RIT and NTID student film ‘Say Cheese’ now screening at Cinemark theaters nationwide
The film received the Coca-Cola Refreshing Films grand prize and will show at more theaters later this year
Moviegoers at Cinemark theaters nationwide have seen a commercial produced by students from Rochester Institute of Technology (RIT) and the National Technical Institute for the Deaf (NTID) this summer. Now, it’s heading to AMC theaters.
The short film, Say Cheese, was awarded the grand prize in the Coca-Cola Refreshing Films (CCRF) program. One of the perks of winning is having their short film shown in movie theaters nationwide. The film began screening in Cinemark theaters this past July, and now it’s showing at AMC theaters through September 8, 2022. Officials at CCRF estimate that, between the showings in both theaters, Say Cheese will reach over 10,000 screens across the US.
Kashif Ahmed Bin Arif
Anna McClanahan, a second-year film and animation: production option student, and Gabriel Ponte-Fleary, a film and animation MFA student, co-wrote and produced the film. Watching their work on the big screen, with an audience, has reignited the excitement over their win, according to both students.
“Seeing the film in theaters was really amazing because everyone who got to work on it gets to see their hard work on the big screen. It’s very surreal,” said McClanahan. “I even heard the audience laughing in the theatre while watching it, so it’s good to know we were successful.”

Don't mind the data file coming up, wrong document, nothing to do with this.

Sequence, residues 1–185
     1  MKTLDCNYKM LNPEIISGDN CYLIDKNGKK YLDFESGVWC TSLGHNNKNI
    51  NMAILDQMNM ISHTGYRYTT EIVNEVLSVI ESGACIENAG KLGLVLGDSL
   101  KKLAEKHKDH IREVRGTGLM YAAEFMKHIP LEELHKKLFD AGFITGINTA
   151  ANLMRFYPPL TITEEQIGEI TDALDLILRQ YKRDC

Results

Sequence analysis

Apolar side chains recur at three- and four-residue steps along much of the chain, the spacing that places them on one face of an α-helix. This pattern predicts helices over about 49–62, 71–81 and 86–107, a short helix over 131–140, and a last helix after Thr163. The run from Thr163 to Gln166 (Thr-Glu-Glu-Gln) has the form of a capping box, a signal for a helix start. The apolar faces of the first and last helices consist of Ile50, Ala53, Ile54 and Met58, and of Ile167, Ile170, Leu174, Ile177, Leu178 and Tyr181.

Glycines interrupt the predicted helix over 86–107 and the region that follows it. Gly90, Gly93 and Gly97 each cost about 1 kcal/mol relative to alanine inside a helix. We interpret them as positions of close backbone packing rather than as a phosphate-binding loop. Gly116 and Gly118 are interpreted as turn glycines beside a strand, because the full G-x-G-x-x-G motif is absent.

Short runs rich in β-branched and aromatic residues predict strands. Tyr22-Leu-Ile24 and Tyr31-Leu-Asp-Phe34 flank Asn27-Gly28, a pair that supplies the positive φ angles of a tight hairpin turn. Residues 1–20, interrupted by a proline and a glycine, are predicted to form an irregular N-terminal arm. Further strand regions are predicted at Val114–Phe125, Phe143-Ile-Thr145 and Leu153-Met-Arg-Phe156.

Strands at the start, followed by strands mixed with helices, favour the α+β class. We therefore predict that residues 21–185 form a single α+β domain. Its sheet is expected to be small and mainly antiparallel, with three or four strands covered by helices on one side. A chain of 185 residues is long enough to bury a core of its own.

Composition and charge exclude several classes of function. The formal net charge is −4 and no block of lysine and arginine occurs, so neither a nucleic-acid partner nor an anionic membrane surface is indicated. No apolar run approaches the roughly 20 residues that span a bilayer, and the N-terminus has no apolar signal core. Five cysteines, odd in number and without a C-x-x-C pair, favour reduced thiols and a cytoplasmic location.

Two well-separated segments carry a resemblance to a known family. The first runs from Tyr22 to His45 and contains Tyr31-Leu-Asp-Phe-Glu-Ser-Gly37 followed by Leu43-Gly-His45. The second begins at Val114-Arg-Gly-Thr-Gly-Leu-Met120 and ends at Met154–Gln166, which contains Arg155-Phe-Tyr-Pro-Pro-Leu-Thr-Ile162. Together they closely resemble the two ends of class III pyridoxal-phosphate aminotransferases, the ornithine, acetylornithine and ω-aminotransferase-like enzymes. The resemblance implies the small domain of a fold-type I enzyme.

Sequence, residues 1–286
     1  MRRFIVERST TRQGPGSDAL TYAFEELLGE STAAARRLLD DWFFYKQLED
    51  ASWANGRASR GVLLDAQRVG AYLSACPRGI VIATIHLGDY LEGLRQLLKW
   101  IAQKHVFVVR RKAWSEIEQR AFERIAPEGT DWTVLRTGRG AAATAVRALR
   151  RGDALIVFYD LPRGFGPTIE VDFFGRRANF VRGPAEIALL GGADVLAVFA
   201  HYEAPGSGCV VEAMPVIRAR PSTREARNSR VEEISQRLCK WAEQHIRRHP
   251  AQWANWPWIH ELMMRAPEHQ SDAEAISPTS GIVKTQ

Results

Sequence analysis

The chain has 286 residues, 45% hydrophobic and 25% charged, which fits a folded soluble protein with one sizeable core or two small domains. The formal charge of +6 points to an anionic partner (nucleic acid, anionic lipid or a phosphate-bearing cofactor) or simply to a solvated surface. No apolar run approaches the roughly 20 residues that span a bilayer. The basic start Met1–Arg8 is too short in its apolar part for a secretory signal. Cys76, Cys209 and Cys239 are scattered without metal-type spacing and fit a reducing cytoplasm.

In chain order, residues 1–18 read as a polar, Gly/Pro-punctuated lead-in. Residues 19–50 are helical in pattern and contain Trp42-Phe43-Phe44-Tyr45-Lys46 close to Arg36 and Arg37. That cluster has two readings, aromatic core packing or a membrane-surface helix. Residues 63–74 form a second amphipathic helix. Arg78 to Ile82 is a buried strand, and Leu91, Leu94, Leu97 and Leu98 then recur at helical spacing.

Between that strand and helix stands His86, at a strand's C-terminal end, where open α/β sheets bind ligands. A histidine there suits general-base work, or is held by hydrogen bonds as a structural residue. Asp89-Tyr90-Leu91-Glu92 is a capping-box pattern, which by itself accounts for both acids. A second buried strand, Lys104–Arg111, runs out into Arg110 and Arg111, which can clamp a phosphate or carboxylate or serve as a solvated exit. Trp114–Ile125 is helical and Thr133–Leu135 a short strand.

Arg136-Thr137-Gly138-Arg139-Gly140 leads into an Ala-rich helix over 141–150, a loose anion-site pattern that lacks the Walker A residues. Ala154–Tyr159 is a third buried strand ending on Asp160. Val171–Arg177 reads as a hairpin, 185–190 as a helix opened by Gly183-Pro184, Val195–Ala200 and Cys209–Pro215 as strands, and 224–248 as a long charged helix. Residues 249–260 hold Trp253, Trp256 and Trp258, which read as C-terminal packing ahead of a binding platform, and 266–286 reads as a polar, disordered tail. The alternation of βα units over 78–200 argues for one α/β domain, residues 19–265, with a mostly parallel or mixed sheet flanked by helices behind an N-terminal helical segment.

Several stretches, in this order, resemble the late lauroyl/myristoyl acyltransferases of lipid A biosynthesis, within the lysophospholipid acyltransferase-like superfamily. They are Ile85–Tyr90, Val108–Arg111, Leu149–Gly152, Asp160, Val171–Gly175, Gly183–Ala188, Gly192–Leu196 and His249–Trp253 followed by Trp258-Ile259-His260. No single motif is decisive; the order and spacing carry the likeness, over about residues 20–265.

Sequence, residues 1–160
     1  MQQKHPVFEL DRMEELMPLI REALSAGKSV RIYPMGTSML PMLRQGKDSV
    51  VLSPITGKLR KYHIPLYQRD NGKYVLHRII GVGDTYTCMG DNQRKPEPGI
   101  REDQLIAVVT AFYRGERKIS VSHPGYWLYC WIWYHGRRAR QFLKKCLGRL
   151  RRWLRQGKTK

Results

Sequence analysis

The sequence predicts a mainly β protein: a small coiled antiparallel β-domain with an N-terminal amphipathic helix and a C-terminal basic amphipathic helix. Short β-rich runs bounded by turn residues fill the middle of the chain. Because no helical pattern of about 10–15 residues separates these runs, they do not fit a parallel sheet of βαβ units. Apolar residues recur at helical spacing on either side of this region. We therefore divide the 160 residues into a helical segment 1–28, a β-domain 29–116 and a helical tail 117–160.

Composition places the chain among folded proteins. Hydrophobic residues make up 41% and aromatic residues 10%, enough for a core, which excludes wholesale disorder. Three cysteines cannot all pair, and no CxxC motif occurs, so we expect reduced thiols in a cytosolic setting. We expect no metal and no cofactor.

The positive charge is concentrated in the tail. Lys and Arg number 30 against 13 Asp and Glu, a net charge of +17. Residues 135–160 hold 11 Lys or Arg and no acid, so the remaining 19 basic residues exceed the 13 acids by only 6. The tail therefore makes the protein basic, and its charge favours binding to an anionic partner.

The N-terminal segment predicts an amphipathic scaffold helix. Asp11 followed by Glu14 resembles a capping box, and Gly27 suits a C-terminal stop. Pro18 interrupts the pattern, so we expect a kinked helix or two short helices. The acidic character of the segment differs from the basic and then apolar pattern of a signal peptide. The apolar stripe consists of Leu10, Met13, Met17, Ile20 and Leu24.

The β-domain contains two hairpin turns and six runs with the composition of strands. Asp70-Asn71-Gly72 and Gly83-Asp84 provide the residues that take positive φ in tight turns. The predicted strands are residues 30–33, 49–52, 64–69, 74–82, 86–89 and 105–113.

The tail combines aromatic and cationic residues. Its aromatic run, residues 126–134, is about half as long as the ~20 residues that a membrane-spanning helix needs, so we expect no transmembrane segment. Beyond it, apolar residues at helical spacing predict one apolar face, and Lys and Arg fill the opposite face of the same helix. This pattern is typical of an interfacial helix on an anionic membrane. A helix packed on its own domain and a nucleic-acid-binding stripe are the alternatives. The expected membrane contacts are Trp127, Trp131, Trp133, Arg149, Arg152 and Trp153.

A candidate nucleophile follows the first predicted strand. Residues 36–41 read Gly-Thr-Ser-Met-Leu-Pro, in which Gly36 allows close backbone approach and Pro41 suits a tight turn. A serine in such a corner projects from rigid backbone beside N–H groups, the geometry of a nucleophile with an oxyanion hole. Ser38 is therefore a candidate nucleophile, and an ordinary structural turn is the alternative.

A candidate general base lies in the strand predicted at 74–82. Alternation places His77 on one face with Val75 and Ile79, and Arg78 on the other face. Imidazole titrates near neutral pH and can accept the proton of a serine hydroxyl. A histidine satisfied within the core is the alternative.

Say Cheese is partly based on McClanahan’s experiences at RIT, including her performances in joint hearing, deaf, and hard-of-hearing productions for NTID’s Department of Performing Arts. The commercial portrays a meet-cute story about Chris—a male, hearing college student—attempting to ask his female, deaf classmate named Jessie to the movies. Chris, an American Sign Language novice, clumsily signs a visually similar sequence of words, instead asking her if she wants to go to a “cheese.” This wins Jessie over and the two head to the theater for their first date.
To create the film, McClanahan and Ponte-Fleary worked with students, faculty, and staff in RIT’s School of Film and Animation and NTID. This cross-cultural collaboration resulted in deaf and hard-of-hearing representation that is authentic and genuine, both in front of the lens and behind the camera.
“Seeing the hard work this awesome crew put into the production of this commercial, seeing the Deaf community represented, and seeing the final product on the big screen, it really gives me goosebumps. I’m so proud of it,” said Ponte-Fleary. “There is a lack of representation, or, at least, proper representation, of deaf people in the media. In this film, we wanted to focus on how love is a universal force that can break language barriers, and we wanted to show that any kind of relationship between deaf and hearing individuals is possible.”
In addition to the film screening, McClanahan and Ponte-Fleary will also receive a RED KOMODO camera package and a ZEISS lens kit to help jump start their careers as part of their prize.